Sunday, May 29, 2011

Fairytale Time Machine


How would you like to be transformed for a few minutes a day into a small child? Well, you are in luck because I have in my possession a Fairytale time machine that is guaranteed to do the trick. My next series on Norwegian culture is based on the stories of Norwegian folklore, which have been transformed into wonderful fairytales for your enjoyment.
 

For the next month I will be on a writing mission. BuNoWriMo 
(Burrow Novel Writing Month) is starting on the 1st of June and I have committed myself to writing 50,000 words in 30 days. During this time I will be working on my first adult fantasy book. I have absolutely no idea what I am doing so this should be very exciting. It is not too late to join, so if you want some group support and some time on “speed” writing join the fun.

In the mean time I have prepared these stories about Askeladden (Ash Lad) and other Norwegian tales for all of you to enjoy. One of my favorites, Askeladden is the main character in many Norwegian folktales. Askeladden represents the small man who succeeds where all others fail. He always wins in the end, often winning the princess and half the kingdom as well.

In many folk tales, Askeladden is portrayed as the youngest of three brothers. Early in a typical tale, the older brothers appear to have much greater chances of success in life. For example, one brother might be extremely well read in books and newspapers. Another brother might be extremely competent in another area. In contrast, Askeladden is looked down upon as a loner or misunderstood eccentric, who spends too much time sitting by the fireplace lost in thought as he is poking the ashes, hence his name.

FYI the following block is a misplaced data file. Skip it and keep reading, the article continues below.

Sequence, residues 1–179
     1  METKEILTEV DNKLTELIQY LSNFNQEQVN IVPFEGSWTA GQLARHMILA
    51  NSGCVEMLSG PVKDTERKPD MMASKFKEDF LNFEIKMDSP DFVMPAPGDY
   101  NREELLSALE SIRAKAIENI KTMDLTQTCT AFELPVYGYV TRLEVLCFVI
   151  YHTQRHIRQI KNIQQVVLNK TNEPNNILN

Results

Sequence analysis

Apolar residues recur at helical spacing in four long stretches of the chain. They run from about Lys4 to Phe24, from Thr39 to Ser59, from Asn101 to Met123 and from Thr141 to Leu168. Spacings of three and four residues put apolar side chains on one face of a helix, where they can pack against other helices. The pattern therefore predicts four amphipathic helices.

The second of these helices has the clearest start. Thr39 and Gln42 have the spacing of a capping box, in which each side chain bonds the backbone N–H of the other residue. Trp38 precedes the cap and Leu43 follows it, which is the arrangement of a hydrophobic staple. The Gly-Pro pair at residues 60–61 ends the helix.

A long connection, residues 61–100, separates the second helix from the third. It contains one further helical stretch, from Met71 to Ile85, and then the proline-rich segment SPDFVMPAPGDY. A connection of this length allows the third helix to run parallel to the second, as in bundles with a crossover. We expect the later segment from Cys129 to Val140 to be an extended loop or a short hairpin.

The "heroic" traits of Askeladden are most prominent in the stories told by Peter Christen Asbjørnsen and Jørgen Moe. The tales they collected present the "classical" Ash Lad. These are some of the stories I will be sharing with you. There may be some deviation from the original stories because I have had to translate them to English. Not an easy task I assure you.

I hope you enjoy these tales as much as I do. What I find so interesting is that even though these tales come from old folklore you can still place Askeladden in modern times as an individualist, free-thinker, and nonconformist. He is capable of thinking "outside the box", and is a true visionary. In contrast, the older brothers are more conformist and conventional. I was very lucky and have found a few video clips to go with some of these tales.

Before I start spinning my stories, I am going to share with you some of Norway to put you in the mood. Tomorrow I will take you on a little trip around Norway in my time machine.  Hope you decide to come along.

8 comments:

shelly said...

Have a great day! See you tomorrow.

li said...

Wonderful idea! I look forward to reading and learning. :)

Ellie Garratt said...

Sounds exciting; I'll be back!

Good luck with BuNaWriMo. I'll be cheering from the sidelines.

Ellie Garratt

Elisabeth Hirsch said...

SO fun :) Good luck.

Dafeenah said...

Oh I can't wait. I love seeing other places/cultures especially through the eyes of "locals".

Trisha said...

I visited Norway back in 2004 - only for 3 days though :(

Anonymous said...

Oh my, NaNO in the spring? Good luck with that. I had signed up in Nov. but it was during report cards, and a dozen other things that was just too much to do it all so I was a NaNO drop out :(
Good luck to you and I am posting under anonymous because it keeps kicking me out.
Tracy of mythoughtfulspot

Michael Di Gesu said...

I cannot keep up with you, sister, dear. I will try to do so right now.

What a lovely idea to hop in a time machine and go back to childhood. I am excited to read these charming tales of Norway's children....